Got ready at about 8am and decided to sink in with the local surroundings and shun any touristy look. Meaning looking a little disheveled, unshaven and wearing nothing that would give a I-am-a-tourist look. Got off the elevator and walked the streets of Calcutta. The local crowd saw right through my disguise. All eyes on the street were on me and I was accosted by several salesmen peddling all kinds of things to me. Hotels, taxis, food, etc, etc. So much for an unshaven, disheveled disguise! I remembered the time I was in Inner Mongolia. The locals there hadn’t seen a tourist ever and they were all staring at me like I was some sort of alien! But in Calcutta, I am not supposed to be getting those stares as I am Indian!
The bike search gained momentum when I called Yellow Pages and got a few numbers from them. I worked the phone vigorously but half of those numbers didn’t work and one guy spoke in Bengali. I couldn’t get a word. So, I decided that the best course of action was to wait for Prashant whose train was to arrive at 1pm.
As I was waiting for Prashant to arrive, I entertained myself by watching cable television on the state-of-the-art TV provided by Hotel Oriental.
I remembered how my late grandfather had a similar TV back in the 1980s.
It was especially fun to watch the Chinese movie Crouching Tiger Hidden Dragon with a Hindi voice over.
“You have to kill Jade Fox and report to the headquarters” Michelle Yeoh told Chow Yun Fat in a mixture of Hindi and English! It was hilarious!
Anyway, when Prashant arrived, we immediately set off to Wellington Street to hunt for motorbikes and honestly, I wasn’t having any hopes of getting one by this point. Since I now had company, I dared to put my guard down a little and starting looking everywhere to absorb the local environment. I have to say, in terms of traffic, pollution and noise, Calcutta is probably the worst of all the 4 capital cities in India (although I have not been to Bombay yet). Calcutta has a nickname apparently. It’s called the City of Joy!! Yeah, right! Only if one experiences joy in intense traffic jams, noise and pollution…
So, we stopped at a 2nd hand dealer’s place and Prashant got to work in his flawless Hindi while I acted as the occasional sidekick. The guy flatly opposed any idea of renting out his bikes so we asked him if we could buy one and resell it to him at a discount 10 days later.
Intense negotiations followed. After departing with two hours of time and more importantly, INR 39,000, we had ourselves another bike! We were the owners of a Pulsar 150cc 2008 model bike which the seller agreed to buy back at INR 36,000 10 days later assuming there was no damage to the vehicle.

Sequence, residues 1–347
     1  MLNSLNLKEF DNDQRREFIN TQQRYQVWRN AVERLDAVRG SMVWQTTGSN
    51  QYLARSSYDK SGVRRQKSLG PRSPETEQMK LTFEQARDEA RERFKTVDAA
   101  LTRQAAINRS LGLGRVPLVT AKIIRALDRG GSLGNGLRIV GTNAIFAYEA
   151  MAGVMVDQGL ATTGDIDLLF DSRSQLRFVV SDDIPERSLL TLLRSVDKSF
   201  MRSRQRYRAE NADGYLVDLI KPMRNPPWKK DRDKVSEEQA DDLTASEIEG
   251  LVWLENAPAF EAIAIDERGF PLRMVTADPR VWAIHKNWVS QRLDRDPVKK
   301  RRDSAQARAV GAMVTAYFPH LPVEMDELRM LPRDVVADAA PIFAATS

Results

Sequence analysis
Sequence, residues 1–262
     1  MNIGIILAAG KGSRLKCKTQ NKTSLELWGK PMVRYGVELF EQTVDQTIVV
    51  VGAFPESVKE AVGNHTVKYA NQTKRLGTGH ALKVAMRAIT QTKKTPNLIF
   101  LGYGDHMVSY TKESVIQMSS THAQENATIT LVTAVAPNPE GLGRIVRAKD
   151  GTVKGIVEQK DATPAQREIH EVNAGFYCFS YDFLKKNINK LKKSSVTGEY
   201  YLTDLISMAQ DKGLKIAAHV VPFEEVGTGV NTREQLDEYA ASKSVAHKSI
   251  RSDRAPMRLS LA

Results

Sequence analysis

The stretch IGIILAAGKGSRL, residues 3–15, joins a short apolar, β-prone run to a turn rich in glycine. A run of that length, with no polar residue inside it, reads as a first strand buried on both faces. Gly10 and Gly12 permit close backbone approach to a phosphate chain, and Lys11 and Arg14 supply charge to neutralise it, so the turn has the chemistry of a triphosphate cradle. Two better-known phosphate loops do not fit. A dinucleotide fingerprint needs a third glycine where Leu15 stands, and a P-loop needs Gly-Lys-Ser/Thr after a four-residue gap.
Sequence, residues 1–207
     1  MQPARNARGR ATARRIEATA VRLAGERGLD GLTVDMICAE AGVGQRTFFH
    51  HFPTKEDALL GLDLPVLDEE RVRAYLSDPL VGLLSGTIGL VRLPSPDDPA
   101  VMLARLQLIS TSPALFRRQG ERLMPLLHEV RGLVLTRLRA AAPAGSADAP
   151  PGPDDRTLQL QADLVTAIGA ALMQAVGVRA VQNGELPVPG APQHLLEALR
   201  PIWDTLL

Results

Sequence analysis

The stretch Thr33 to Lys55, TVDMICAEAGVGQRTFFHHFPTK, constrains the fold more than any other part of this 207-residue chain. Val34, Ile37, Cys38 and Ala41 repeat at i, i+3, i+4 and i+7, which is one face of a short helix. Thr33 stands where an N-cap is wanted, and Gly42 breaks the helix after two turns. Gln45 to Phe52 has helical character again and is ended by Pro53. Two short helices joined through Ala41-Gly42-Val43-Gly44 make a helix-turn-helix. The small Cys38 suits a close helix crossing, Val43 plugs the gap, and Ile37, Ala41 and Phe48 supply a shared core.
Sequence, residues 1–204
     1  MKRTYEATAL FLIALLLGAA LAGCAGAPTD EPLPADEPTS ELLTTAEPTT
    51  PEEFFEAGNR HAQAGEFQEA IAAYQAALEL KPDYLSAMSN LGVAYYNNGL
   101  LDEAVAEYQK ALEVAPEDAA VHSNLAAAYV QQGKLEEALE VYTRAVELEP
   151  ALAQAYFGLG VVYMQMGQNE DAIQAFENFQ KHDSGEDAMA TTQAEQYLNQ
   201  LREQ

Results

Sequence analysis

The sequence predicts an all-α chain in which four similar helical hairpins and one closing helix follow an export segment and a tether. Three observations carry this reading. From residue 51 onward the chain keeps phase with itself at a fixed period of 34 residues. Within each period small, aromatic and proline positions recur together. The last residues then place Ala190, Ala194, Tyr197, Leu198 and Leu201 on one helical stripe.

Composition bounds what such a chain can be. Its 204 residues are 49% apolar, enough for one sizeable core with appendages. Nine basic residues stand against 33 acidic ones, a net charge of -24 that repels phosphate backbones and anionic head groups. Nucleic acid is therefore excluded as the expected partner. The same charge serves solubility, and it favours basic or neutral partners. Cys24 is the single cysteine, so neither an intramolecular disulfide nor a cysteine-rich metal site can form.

The motorbike expedition was to start on 22nd August 2010.
22nd August 2010
So, we set off at about 7.30am after tying the bags to the bikes using ropes. The plan was to drive from Kolkata City to Nadia and from Nadia to Malda. The distance from Kolkata to Malda is about 350km.
I couldn’t wait to get out of Kolkata. The first 70km of the drive was in the city and that involved navigating through narrow streets, stopping every other minute because of some odd traffic signal and being constantly harassed by the guy behind you who keeps honking for no apparent reason.
After that the landscape thankfully changed. We were on NH34 (National Highway # 34) and it was much greener than before. The roads were great and the greenery was a welcome relief.
India is a true democracy and that applies to the National Highways as well. The highways are shared by all and sundry and each has his/her constitutional right to use the highway as he/she pleases. For instance, the highways are shared by:
a) fish cart / tricycle drivers who drive at about 5kmh and carry all sorts of goods at the back. These goods can be anything from plain and simple vegetables to extra long, steel poles that stick out from the back of the tricycle for miles and miles! If you drive into them, you end up stabbing yourself with steel rods!
b) mad cyclists who drive holding only 1 side of the handlebar, and swerve left and right randomly. They are completely oblivious to anything else that might happen in the universe – especially to the the guy behind desperately honking for way
c) truck drivers and state buses that flash their headlights and come honking nonstop from the opposite direction in a blaze of glory